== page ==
The hero of the Infinity Blade series never really dies. Each time he falls he is reborn, accruing skill and power until he's an unstoppable force. The same could be said for the series itself.
The first Infinity Blade was presented as a demonstration of the graphical prowess of Epic's Unreal Engine 3 on the iPhone and iPod. It was a pretty face with some cool ideas, but not much personality or depth.
Infinity Blade II was where the series really came to life. Fully-voiced characters, a gem aumentation system for weapons, and a strong story bolstered by a novel from fantasy author Brandon Sanderson (Infinity Blade: Awakening), it felt more like a real game than a centerpiece.
To be honest, I didn't play Infinity Blade II when it first came out, expecting the same experience as the first game. I only caught up with it recently, and I've been kicking myself for holding out for so long. Despite still basically being a series of one-on-one swipe-based battles interrupted by poking about the screen for hidden treasures, suddenly there was a real weight and sense of history to the game world.
With a strong foundation set by the second game and another Sanderson novel (Infinity Blade: Redemption) leading up to it, Infinity Blade III hones the franchise's formula to a fine point, bringing a grand story that didn't feel like it was all there in the first game to a close.
Yes, there is a lot of swiping. Attacking, dodging, parrying, casting magical spells, exploring exotic fantasy locations and hunting for hidden treasures with simple swipes and taps of the touchscreen are all hallmarks of the series. They're all here, and they're all working wonderfully.
In fact, there's even more swiping, now that the game's hero, Siris, has been joined by a second character — the rogue Isa, finally in playable form. Between the two of them there are six unique fighting styles to master, including sword and shield and the other ones (I have a preference). Each character's weapons and equipment are unique, so fans of the game's collecting element will be in hog heaven here.
Equipment still gains experience, bestowing skill points to its wielders upon mastery. Skill-enhancing gems, introduced in the second game, are back and more effective than ever.
Both of these aspects of the game are further bolstered by NPCs in the Hideout, the game's new central hub. Isa and Siris are deployed on their missions, side-missions and challenges here, while new non-player characters — the weapon-enhancing blacksmith, gem-splicing gemcutter and the mechanical potionmaster — eventually set up shop, adding a little crafting magic to the game. There's even a shady merchant who shows up now and again, hawking limited-time wares.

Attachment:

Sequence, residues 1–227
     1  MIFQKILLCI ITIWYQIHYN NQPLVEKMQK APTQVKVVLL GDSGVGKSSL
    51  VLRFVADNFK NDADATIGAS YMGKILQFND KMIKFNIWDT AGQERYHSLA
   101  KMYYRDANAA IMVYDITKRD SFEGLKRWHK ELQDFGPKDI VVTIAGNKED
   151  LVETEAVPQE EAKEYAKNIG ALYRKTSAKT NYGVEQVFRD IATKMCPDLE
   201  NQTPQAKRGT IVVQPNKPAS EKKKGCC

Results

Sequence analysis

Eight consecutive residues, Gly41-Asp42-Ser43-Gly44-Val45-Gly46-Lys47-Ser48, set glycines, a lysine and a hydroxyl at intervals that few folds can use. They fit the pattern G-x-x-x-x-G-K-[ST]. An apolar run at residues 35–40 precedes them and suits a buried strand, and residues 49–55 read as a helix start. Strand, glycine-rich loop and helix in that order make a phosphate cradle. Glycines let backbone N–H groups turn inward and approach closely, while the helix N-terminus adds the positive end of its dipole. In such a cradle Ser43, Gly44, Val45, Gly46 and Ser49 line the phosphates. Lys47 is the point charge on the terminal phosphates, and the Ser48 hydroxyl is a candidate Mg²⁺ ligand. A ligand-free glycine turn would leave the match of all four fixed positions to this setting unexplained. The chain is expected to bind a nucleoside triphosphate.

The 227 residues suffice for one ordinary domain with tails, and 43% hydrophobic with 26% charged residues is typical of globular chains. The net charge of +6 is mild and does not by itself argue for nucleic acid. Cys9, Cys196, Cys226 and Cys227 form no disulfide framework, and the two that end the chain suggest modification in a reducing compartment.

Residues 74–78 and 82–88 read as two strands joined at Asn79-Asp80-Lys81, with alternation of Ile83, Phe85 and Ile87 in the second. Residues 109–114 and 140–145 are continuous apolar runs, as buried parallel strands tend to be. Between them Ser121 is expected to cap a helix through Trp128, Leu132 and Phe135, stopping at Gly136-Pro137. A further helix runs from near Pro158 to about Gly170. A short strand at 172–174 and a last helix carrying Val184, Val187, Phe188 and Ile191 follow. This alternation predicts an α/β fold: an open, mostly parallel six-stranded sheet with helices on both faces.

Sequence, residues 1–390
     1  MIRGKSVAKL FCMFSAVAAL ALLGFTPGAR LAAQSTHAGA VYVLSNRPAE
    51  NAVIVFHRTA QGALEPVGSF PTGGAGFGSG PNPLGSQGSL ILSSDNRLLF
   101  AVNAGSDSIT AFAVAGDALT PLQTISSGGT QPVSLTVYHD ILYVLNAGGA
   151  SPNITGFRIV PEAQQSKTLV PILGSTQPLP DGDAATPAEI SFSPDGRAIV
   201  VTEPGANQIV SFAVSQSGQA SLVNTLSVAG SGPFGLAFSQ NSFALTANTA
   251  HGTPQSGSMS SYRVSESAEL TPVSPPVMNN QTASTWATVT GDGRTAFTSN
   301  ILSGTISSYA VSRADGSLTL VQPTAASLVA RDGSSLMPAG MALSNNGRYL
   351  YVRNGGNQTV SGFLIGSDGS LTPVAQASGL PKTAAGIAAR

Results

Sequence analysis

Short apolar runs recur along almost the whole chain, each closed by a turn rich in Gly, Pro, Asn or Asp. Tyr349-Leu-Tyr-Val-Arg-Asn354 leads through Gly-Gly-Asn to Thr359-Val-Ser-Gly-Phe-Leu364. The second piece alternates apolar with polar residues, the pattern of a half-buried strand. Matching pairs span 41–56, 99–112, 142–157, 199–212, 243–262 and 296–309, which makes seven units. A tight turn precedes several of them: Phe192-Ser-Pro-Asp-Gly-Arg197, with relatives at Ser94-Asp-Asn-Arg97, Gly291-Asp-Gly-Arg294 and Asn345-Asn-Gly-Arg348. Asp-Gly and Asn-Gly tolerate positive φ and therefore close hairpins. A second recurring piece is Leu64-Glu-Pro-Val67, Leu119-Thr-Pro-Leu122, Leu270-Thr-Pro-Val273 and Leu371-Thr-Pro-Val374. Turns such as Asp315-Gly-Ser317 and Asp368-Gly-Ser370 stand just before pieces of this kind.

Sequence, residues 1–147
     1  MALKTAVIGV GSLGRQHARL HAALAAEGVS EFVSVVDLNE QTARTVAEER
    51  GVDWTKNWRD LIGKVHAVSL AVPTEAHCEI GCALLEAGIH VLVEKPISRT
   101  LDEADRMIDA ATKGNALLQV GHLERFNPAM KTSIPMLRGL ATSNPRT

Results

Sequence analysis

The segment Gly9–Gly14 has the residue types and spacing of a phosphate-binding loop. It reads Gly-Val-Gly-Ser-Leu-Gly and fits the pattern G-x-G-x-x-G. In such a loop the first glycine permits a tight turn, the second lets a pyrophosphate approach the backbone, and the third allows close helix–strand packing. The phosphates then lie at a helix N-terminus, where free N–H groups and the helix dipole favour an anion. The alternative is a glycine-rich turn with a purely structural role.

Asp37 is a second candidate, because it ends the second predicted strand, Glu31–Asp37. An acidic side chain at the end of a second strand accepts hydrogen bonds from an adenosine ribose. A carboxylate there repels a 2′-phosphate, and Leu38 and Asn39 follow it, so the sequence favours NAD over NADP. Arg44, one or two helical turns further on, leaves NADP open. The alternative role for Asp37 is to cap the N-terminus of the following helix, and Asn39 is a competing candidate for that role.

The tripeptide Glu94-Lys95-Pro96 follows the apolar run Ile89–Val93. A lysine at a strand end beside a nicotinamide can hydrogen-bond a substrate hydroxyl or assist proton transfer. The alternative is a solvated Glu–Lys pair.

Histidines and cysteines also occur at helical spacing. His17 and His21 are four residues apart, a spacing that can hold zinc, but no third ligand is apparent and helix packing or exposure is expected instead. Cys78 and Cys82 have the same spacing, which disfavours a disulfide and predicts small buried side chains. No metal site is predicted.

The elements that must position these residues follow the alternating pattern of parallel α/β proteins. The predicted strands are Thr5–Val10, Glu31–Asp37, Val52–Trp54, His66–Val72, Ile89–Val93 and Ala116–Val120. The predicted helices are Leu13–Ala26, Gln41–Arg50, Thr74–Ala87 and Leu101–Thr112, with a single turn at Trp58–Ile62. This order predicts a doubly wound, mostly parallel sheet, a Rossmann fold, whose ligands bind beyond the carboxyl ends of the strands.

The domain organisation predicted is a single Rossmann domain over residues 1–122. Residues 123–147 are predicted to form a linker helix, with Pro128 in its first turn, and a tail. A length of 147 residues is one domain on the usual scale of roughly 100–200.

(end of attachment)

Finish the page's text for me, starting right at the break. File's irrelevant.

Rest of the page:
Leveling up Siris (and Isa) has gotten a much-needed shot in the arm via skill perks, special abilities and benefits which are unlocked when a certain number of skill points are assigned a stat. Putting points into strength might make a character more powerful, but a few points in Isa's magic stat unlocks the Lockpick ability, giving the characters even more access to the branching paths of the game's gorgeous grottos, dungeons and ruins.
The battling itself is still fresh and entertaining. New enemies with new attacks will keep the most devoted fans of the series on their toes, while the ability to drop back to a lower level instances of a particular mission will keep novice players from getting too discouraged from seeing the adventure through.
Oh, and this guy shows up now and then. He seems nice.
With unlockable branching paths in each of the game's massive new levels, hundreds of weapons to customize and master, things to wear, potions to brew, and a wide variety of strange and wonderful creatures lining up to kill your characters, Infinity Blade III has a great deal to offer, and that's not even figuring in future updates and the global social ClashMob events, which I was unfortunately unable to test.
Infinity Blade III is still a showcase of the graphical power achievable on iOS devices with Unreal Engine 3 — that's how they keep getting up on stage at Apple events, after all. It's also much more than that. It's the glorious final step in the evolution of the series that taught us mobile gaming didn't just have to be able flinging birds and matching gems.
Genre: Hack and Slash Adventure
Platform: iOS (iPhone 4+, iPad 2+, iPod Touch 4+, iPad Mini